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Objectives of NGOs

The Inside Operations of Non-Profit Organizations

Without non-profit organizations, many functions in society would come to a standstill. They serve as the safety net in many areas of life for many people and provide a critical lifeline. These organizations, also called non-governmental organizations, or NGOs, are pivotal in the delivery of services ranging from basic necessities, like food and shelter, to providing legal assistance in cases of environmental protection or women’s rights.

If you think about your own community, you can probably identify at least one non-profit organization. Perhaps you can think of several, and there are probably many that you have never heard of who are helping to rescue wild animals or that support students going to college by providing scholarships. Religious and secular non-profits work both locally and around the world to provide people with the vital services they need to thrive in the world.

NGO Objectives, Visions, and Missions

Non-profit organizations may provide a wide range of services, or they may offer just one or two. However, they all have something in common: they create objectives, visions, and missions to help them to carry out their work in a clear and organized way. They each play an important role in helping the organizations to carry out their tasks in a driven, motivated way, and they keep them on track and moving forward. They serve as a roadmap of how to reach their end goals and to identify what those end goals are.

Vision – The vision of an organization is the “big picture of what you want to achieve,” according to the Iowa State University Extension and Outreach office.

Mission – A mission is a “general statement of how [the organization] will achieve the vision.”

Objectives – When an organization creates its vision and mission, it needs objectives, or “specific milestones with a specific timeline for achieving a goal.”

Visions are basically what an organization hopes to achieve. For example, the Salvation Army’s vision is “As disciples of Jesus Christ, we will be a Spirit-filled, radical, growing movement, with a burning desire to lead people into a saving knowledge of Jesus Christ, actively serve the community, and fight for social justice.”

Part of Greenpeace’s vision is “By 2020 we will have charted courses that take Greenpeace global headlong into the world’s greatest social, ecological and security storms. We will be in the places where change happens. We will be in a position to influence the outcomes. We will do so with our largest ‘people powered’ crews ever. By 2020 we will have played our part in ensuring power systems will have passed the points of no return.”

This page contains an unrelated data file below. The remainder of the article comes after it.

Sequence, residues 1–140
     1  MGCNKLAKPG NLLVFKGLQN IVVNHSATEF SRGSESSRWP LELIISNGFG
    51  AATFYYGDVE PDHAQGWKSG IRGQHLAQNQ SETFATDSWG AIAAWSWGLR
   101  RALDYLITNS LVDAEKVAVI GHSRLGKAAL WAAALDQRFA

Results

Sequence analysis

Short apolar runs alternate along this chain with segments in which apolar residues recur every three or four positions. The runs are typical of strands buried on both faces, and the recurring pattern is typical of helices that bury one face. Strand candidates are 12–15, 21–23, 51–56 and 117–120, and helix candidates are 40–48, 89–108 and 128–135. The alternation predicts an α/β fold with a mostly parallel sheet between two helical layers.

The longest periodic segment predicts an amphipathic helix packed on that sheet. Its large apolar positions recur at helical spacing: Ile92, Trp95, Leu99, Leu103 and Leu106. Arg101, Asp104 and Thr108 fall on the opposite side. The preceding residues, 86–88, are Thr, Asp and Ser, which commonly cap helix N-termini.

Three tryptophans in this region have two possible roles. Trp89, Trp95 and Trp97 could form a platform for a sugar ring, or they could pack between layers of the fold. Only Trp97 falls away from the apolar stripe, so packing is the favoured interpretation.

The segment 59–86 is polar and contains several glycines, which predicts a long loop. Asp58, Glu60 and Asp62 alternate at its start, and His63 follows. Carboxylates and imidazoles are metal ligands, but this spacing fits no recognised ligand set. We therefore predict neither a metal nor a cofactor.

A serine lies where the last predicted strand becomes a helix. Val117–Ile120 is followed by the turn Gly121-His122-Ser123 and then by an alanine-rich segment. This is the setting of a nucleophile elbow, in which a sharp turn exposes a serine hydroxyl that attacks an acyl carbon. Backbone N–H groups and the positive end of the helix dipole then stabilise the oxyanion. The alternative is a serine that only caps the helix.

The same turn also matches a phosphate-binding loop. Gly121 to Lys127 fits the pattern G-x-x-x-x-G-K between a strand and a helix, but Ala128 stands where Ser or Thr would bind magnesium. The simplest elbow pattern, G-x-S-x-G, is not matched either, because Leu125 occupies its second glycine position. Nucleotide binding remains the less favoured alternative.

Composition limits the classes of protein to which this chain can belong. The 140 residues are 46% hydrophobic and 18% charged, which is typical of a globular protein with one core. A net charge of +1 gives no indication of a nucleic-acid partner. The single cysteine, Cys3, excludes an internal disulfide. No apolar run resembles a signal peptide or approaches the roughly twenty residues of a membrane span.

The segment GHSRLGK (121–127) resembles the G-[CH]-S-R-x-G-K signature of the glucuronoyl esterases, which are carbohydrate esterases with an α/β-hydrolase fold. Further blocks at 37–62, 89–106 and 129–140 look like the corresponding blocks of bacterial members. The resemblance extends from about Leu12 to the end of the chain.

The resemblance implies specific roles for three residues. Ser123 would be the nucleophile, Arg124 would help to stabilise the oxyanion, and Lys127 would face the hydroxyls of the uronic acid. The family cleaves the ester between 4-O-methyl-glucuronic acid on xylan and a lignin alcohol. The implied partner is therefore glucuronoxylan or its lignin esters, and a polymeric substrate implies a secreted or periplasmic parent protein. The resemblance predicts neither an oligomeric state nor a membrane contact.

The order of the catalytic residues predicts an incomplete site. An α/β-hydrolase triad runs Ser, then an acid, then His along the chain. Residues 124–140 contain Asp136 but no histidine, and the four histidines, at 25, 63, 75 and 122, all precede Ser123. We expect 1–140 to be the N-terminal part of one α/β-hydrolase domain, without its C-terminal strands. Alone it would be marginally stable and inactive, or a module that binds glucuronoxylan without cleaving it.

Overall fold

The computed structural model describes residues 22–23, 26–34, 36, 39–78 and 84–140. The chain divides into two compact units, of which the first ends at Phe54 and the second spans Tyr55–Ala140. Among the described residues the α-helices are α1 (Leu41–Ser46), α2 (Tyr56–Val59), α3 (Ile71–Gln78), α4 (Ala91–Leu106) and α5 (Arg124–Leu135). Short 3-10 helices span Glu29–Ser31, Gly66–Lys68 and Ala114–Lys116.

Visions may be shorter or longer, depending on the goals of an organization. They are broad and focused on the larger outcomes the organization hopes to achieve.
A mission lays out how an organization plans to achieve its mission. It’s a general blueprint of how it thinks it will achieve its vision.

The International Rescue Committee helps individuals around the world with a variety of humanitarian services. To accomplish its vision to “lead the humanitarian field by implementing high-impact, cost effective programs for people affected by crisis, and shape global policy and practice by sharing our learning and experience with others,” the organization has laid out its mission: “to help people whose lives and livelihoods are shattered by conflict and disaster to survive, recover, and gain control of their future.”

Without a mission, and organization doesn’t have a clear idea of how it will achieve its desired aims, and it is not as focused or impactful as it could be.
Now, let’s move on to objectives. Objectives can be thought of as specific actions that an organization will take to achieve its mission and vision, and they are time-bound. For example, one of Oxfam’s 2019 objectives is “to increase [the voice of more poor and marginalized people] by understanding and being better able to exercise their rights to organize, to information, to public participation and to equal justice.”